Four Questions Your Business Should Ask to Protect Against Cybercrime

Sam Bloedow
businessman head down holding bridge of nose

What would happen if a cyberattack hit your business? When you consider the possibility, it quickly becomes clear that you need to include cybersecurity in your risk management plan. Hackers no longer just prey on large corporations. It’s unfortunately very easy for a would-be hacker to get the tools they need to profit from companies like yours.

The cost of cybercrime in the U.S. continues to skyrocket. No one is safe and your business should be protected against the very real possibility of an attack. Here are four questions to help you envision the impact cybercrime would have on your business and what your company can do to mitigate the risks.

Will your business continue to operate after a cyberattack?

If you don’t want to be in the 60% of small and medium-sized companies that go out of business within six months of a breach, think about what your response will be when your data has been stolen, kidnapped or vandalized.

How you regain control of your digital assets will depend largely upon the type of breach you experience. First, you’ll need to focus on how to stop the cyberattack. With your systems down, what will your people do if they cannot work or communicate with customers? Do you have another way to get to the key information you need to complete your daily transactions?

Abusiness continuity planthat details how you use your backups to get up and running again can save you from this paralysis. Have your people practice so they know how to work with a backup before a real emergency occurs.

How would a hacking incident affect people?

At the very minimum, a cyberattack will be stressful for everyone. Depending upon what happens, concern could grow. As you work to stop the incident and return operations to normal, everyone will be under pressure to meet customer needs. They might also start worrying about their paychecks, or the survivability of the company. If your HR records were compromised, identity theft may become a concern too.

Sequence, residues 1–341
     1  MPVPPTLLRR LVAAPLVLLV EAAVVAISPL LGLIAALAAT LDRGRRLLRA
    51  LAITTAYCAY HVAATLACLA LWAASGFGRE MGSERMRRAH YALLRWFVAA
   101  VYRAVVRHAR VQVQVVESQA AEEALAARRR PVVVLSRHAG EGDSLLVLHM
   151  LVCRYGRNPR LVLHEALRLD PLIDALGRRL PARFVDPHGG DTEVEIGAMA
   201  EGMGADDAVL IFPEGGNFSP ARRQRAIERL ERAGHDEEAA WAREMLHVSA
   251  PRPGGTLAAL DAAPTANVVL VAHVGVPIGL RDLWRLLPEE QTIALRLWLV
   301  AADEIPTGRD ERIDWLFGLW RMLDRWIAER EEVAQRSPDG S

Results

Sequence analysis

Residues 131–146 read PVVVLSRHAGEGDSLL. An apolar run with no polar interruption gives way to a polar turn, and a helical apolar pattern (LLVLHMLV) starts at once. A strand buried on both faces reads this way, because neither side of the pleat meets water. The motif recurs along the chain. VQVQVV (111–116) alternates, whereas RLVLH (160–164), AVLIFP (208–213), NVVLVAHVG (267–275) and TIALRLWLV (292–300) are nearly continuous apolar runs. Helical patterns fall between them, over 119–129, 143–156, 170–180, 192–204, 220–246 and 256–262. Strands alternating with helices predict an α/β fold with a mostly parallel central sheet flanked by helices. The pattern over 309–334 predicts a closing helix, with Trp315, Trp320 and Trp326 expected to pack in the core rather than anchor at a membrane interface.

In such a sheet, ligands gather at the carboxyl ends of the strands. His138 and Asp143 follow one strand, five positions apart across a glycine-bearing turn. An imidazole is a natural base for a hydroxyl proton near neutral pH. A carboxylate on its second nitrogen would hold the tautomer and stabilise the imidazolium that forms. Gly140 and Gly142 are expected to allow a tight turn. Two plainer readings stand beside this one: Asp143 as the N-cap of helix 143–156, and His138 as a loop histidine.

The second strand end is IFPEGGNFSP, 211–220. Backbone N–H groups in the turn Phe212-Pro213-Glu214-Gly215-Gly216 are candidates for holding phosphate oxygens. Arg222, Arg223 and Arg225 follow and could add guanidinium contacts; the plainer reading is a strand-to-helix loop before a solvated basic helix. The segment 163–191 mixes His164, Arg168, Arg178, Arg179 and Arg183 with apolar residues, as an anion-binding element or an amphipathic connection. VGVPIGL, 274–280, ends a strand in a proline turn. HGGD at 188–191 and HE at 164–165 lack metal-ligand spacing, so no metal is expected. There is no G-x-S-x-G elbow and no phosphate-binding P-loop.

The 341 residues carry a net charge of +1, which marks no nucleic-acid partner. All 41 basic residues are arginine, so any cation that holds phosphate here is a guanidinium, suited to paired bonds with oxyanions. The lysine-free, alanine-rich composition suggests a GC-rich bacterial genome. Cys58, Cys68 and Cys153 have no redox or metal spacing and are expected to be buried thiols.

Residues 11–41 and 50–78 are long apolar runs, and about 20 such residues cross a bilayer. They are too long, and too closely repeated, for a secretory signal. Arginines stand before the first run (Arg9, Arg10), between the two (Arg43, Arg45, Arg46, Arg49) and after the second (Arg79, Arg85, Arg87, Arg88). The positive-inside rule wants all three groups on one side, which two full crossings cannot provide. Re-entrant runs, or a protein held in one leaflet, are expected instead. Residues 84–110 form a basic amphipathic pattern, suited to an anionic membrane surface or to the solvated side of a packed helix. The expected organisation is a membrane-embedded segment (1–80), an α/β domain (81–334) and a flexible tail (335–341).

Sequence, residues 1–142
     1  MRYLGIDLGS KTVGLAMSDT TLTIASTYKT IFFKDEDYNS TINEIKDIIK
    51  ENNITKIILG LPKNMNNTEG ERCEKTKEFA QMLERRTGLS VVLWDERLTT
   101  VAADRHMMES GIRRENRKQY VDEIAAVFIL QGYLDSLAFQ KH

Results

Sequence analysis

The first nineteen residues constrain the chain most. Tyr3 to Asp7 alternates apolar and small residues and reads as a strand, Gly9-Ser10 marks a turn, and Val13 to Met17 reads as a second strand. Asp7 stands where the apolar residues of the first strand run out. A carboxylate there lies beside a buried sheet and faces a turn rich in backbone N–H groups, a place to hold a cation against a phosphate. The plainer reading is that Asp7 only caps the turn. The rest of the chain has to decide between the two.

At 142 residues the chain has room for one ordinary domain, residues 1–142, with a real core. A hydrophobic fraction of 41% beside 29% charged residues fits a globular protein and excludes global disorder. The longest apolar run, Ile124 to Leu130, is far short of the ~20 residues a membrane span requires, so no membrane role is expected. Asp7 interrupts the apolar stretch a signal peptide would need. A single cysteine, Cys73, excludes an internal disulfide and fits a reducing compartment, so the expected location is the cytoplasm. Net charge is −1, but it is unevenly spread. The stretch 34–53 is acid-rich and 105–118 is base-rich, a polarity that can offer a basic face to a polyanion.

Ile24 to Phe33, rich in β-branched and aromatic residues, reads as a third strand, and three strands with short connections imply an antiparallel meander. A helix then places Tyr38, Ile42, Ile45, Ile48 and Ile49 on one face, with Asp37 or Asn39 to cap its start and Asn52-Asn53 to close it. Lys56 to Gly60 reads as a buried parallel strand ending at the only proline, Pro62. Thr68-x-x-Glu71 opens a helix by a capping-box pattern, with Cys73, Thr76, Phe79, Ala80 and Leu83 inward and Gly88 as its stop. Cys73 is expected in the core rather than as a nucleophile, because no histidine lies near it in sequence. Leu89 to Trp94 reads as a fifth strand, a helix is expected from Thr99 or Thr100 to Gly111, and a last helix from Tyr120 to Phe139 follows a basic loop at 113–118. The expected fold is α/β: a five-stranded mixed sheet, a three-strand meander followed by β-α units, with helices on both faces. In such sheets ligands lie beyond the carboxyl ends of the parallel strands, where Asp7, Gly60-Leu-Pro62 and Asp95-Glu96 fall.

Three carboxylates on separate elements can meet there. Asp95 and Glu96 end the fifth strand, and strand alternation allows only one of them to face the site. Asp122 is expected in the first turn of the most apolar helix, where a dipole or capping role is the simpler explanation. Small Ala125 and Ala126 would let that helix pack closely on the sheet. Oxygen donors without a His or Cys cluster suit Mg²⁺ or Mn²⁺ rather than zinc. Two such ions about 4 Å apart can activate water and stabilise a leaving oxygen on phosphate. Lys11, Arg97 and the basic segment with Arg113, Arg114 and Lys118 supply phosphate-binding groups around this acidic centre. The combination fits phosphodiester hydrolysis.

Then there’s your reputation. Will people want to work for you or with you in the future? Will employees and customers stay on after the incident?

The good reputation you have with your customers could be scarred. If you have product designs or any intellectual property that belongs to them, they are going to worry about the future security of their own company. Will there be another attack that will affect them because of their relationship with you? Current cybercrime issues become future cybercrime issues.

New customers will be harder to get if you have a reputation for being vulnerable to a cyberattack. How can you be trusted? Are you even going to be in business long enough to fulfill their orders?

Watch our on-demand webinar to learn how you can better protect your business from falling victim to a cyber attack.

What are the legal or regulatory ramifications of a cyberattack?

The data you gather and store has value to your business, your employees, your vendors, and certainly your customers. Depending upon how upset and fearful people are, you could get sued by the people who are involved. The client whose intellectual property was stolen could take legal action because loss of their proprietary information means a loss of their competitive edge.

If your industry has strict regulatory compliance laws such as ITAR, HIPAA or PCI, then you will face fines. You’ll come under intense scrutiny as your company, people and policies are studied to see if you failed to implement important protection measures against the breach.

The chances of prosecuting and convicting the real perpetrator are slim. Bad actors (slang for cybercriminals) can be very difficult to trace. The cybercriminal marketplace allows people to buy and sell services woven together in a complex web of interactions that result in yours and other crimes.

What are the financial repercussions of a cyberattack?

You can put a dollar sign beside just about every effect discussed so far. A cyberattack is costly if not devastating. You will spend money to deal with the incident and to get operations going again including:

• Legal representation.
• Settlements.
• Loss of customers.
• Inability to attract new customers.
• Loss of employees.
• Protection for those affected by the beach.

Then comes the question: What are you going to do differently so that it doesn’t happen again?
Investing in quality IT support that prevents cybercrime will always be less expensive than an attack. The cost of good cybersecurity is nothing compared to the emotional and financial toll a cybercrime can take.

Protect Yourself from Cybercrime

Ask yourself the above questions. How would you respond to a potential cyberattack?
This doesn’t need to be a depressing exercise. Use your answers to start a productive discussion about how you can strengthen risk management strategy and cybersecurity at your company. Include technical and non-technical components to both avoid hacking incidents and to improve your ability to bounce back if your company ever does become a victim.

Wondering where to start? Thriveon can help. Schedule a meeting today to get your important questions answered. We know how to protect against cyberattack and we help businesses like yours every day.

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